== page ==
It would seem many churches are taking their lead from this king rather than God’s Word.  It is easiest to point fingers toward those churches that seem to have more of a rock concert than a worship service or those churches that forego having Communion.  But it is also in churches that are “traditional” in nature.  Many of the tradions are not biblical traditions, but secular traditions.  Their traditions may date back to the 500s, the 1500s, or to 1950s, but not to the text of Scripture.  What is often decried by “traditional” churches as the secularization of the church is true, but as the old 90s Just Say No commercial pointed out they “learned it from watching you.”  It is difficult to remember how syncretistic the churches were in the 50s and 60s because at that time, the young members and new churches were simply trying to reach the lost.  The problem for everybody–Christian and non (or churched and unchurched?)–is the confusion of what is sacred and what is not.  What belongs in worship and what does not.

Jeroboam felt the need to make worship easier, closer to home, more interesting, more palatable.  In the end, worship wasn’t worship and the sacred became sacrilegious.

For the record, I am not against “contemporary services” or “traditional services.”  I am simply saying that we use extreme caution in our pursuit to express our worship.  It is not so much about our likes as it is God’s likes.  If we were to cook a meal in honor of our spouses, we would hopefully choose foods that they enjoy eating, not what we enjoy eating.  Whether or not we like the way the meal is prepared or food that is placed in front of us, we can at least enjoy the company we have.  If we were to throw a party for one of our kids, we would not seek to decorate with our delights, but with the delights of our children.  We wouldn’t decorate with “over the hill” balloons for our 4 year old, but rather Jake and the Neverland Pirates or My Little Pony balloons.  We go to worship–not our selves, but our God.  Let us give and do what delights His heart.

The problem for everybody–Christian and non (or churched and unchurched?)–is the confusion of what is sacred and what is not.  What belongs in worship and what does not.

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Recommended Blogs

I am on vacation this week, so I figured that rather than writing a blog myself, I’d recommend a few to read:

1. PASTORAL – this is from TGC about why we should support freedom of religion for all religions.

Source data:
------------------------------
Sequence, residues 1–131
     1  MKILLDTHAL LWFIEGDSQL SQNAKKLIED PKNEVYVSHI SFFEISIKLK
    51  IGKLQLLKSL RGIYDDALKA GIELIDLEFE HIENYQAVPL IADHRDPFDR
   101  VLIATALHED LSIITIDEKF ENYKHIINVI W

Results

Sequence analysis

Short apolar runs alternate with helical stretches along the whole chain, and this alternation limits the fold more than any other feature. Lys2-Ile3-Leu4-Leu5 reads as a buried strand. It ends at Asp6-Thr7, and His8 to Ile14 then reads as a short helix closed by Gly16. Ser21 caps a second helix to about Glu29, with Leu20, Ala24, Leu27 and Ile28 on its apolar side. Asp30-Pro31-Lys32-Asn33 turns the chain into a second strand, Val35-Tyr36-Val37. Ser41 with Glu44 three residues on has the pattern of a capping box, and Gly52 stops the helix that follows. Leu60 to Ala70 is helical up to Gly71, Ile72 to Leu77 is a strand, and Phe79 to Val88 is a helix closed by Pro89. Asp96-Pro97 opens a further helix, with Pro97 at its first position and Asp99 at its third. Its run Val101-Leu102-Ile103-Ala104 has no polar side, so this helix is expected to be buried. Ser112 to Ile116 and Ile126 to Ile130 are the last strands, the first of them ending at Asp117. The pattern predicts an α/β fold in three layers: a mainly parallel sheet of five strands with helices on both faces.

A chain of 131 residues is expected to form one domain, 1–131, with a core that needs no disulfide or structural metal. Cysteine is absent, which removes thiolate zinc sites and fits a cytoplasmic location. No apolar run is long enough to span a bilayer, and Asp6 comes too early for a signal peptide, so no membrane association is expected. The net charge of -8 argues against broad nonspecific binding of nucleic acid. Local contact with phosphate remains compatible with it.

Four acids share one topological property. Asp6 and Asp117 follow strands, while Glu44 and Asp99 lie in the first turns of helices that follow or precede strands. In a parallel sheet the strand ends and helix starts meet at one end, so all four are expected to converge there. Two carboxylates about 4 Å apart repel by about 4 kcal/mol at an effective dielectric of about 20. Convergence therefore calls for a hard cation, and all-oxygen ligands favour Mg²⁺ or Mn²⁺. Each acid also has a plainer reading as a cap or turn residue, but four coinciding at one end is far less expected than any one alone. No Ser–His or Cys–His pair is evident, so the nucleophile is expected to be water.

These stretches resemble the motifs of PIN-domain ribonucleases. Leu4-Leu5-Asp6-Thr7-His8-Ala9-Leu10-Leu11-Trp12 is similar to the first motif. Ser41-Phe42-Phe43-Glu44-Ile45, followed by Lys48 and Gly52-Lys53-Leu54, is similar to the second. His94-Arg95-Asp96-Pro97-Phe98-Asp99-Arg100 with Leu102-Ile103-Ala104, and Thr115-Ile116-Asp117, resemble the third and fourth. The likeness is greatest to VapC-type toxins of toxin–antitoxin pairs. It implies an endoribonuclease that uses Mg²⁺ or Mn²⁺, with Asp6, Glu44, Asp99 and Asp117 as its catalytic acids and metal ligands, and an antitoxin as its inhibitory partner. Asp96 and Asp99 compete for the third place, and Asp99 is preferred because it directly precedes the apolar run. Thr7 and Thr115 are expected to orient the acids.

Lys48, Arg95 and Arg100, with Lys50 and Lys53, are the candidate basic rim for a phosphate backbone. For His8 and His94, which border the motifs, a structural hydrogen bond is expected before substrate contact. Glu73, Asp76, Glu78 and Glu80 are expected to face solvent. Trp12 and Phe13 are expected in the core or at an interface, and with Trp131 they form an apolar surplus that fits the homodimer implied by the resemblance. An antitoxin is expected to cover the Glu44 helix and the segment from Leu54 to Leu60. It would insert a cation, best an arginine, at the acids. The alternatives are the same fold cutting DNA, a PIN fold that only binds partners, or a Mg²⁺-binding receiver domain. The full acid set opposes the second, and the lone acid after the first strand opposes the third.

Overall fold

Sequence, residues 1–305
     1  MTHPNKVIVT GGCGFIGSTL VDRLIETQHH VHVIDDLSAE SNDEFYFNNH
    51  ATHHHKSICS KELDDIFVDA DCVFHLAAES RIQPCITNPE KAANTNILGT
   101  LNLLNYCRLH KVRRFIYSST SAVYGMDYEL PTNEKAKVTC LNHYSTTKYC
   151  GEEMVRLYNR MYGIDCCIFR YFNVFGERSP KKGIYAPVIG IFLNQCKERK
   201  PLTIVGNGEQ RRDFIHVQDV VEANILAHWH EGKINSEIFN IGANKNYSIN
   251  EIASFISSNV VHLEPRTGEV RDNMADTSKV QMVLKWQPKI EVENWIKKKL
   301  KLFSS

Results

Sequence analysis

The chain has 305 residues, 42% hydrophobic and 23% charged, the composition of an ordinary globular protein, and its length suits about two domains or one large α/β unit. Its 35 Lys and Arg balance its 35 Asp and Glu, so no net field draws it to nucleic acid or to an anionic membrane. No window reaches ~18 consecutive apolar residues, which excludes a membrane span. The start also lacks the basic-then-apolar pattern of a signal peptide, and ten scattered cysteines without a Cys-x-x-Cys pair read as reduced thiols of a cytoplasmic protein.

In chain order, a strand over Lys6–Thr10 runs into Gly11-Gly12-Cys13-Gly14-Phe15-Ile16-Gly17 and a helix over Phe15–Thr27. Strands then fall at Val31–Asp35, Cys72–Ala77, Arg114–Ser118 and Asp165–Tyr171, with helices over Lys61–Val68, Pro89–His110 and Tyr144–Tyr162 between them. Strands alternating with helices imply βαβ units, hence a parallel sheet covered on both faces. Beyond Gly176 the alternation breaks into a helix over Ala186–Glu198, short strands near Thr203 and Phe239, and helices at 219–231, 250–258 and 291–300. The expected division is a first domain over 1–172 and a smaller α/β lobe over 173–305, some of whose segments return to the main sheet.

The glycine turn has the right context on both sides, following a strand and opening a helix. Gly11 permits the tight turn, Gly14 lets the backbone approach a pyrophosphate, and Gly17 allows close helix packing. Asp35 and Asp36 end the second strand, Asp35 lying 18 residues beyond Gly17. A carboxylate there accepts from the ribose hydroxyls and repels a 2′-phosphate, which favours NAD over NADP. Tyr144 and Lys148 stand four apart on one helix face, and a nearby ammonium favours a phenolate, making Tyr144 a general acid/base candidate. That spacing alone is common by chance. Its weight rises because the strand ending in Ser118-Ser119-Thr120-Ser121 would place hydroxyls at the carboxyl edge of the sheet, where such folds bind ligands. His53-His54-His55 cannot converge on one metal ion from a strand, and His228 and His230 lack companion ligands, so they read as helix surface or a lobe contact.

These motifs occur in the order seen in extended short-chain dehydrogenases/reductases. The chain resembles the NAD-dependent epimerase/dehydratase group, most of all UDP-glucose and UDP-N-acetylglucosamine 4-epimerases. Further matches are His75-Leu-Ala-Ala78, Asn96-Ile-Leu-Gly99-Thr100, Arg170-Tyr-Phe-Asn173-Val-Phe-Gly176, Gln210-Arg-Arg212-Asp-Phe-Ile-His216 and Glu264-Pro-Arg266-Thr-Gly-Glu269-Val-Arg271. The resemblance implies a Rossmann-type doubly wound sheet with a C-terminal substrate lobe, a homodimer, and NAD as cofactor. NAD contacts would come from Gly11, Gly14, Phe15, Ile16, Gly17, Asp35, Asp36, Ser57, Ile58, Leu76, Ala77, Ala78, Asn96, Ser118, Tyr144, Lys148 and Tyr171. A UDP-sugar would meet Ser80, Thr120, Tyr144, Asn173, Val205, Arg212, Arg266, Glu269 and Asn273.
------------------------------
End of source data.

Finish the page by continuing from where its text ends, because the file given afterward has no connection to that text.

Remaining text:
2. PARENTING – this is from Gloria Furman about how a busy mom can be a better theologian. 

3. PRAISE – this is not so much a blog as it is an interview but it is worth the listen. It is on worship and finding unity in worship styles. 

4. Podcast – this obviously isn’t a blog, but I still recommend Matt Robertson’s “Coffee + Confessions” where you get the privilege of listening to historic confessions of the faith. Definitely a podcast to subscribe to. (The link is to iTunes only.)

My First Pascha Service

Last Saturday night, I joined an Orthodox friend of mine at his church’s Pascha (Easter) service.  Last year, I attended their Good Friday service and so I somewhat knew what to expect, but a Good Friday service and a Pascha service are by no means the same.  So when I say I somewhat knew what to expect, I simply mean I knew I would be standing for the vast majority of the service, that there would be, what I would describe as, booklets that contained nearly every word of the service (liturgy), and that almost every word would be sung (chanted?).  What the exact service would be like was a mystery.

I arrived about 30 minutes early and thought I would be one of the first people there, but to my surprise the parking lot had quite a few cars in it.  I thought I was late for the service.  As I entered, I realized that was not the case.  There was a woman in the front reading by candlelight.  My friend’s dad met me at the door and explained to me that at 9:00 on Holy Saturday night the book of Acts is read.  People take turns with the reading and they go as far as possible until 11:00 at which time the service begins.  He also told me that at 11:00 the lights would go out and the priest would come out with candles, some men would light their candles from the priest’s,  and the congregants would have their candles lit from those men.  After a few moments we would all go outside and walk around the church.

Soon after, my friend came out from an office in the back, having met with the priest about his responsibilities for the night.  He proceeded to go over some of the same events that would be taking place.  As we were sitting listening to the reading from Acts, I leaned over and whispered the question: “When you read why do you sing it?”  “I don’t know” came the answer with a good Tevye impersonation he whispered, “TRADITION.”  A few minutes later he left to prepare for his duties to come.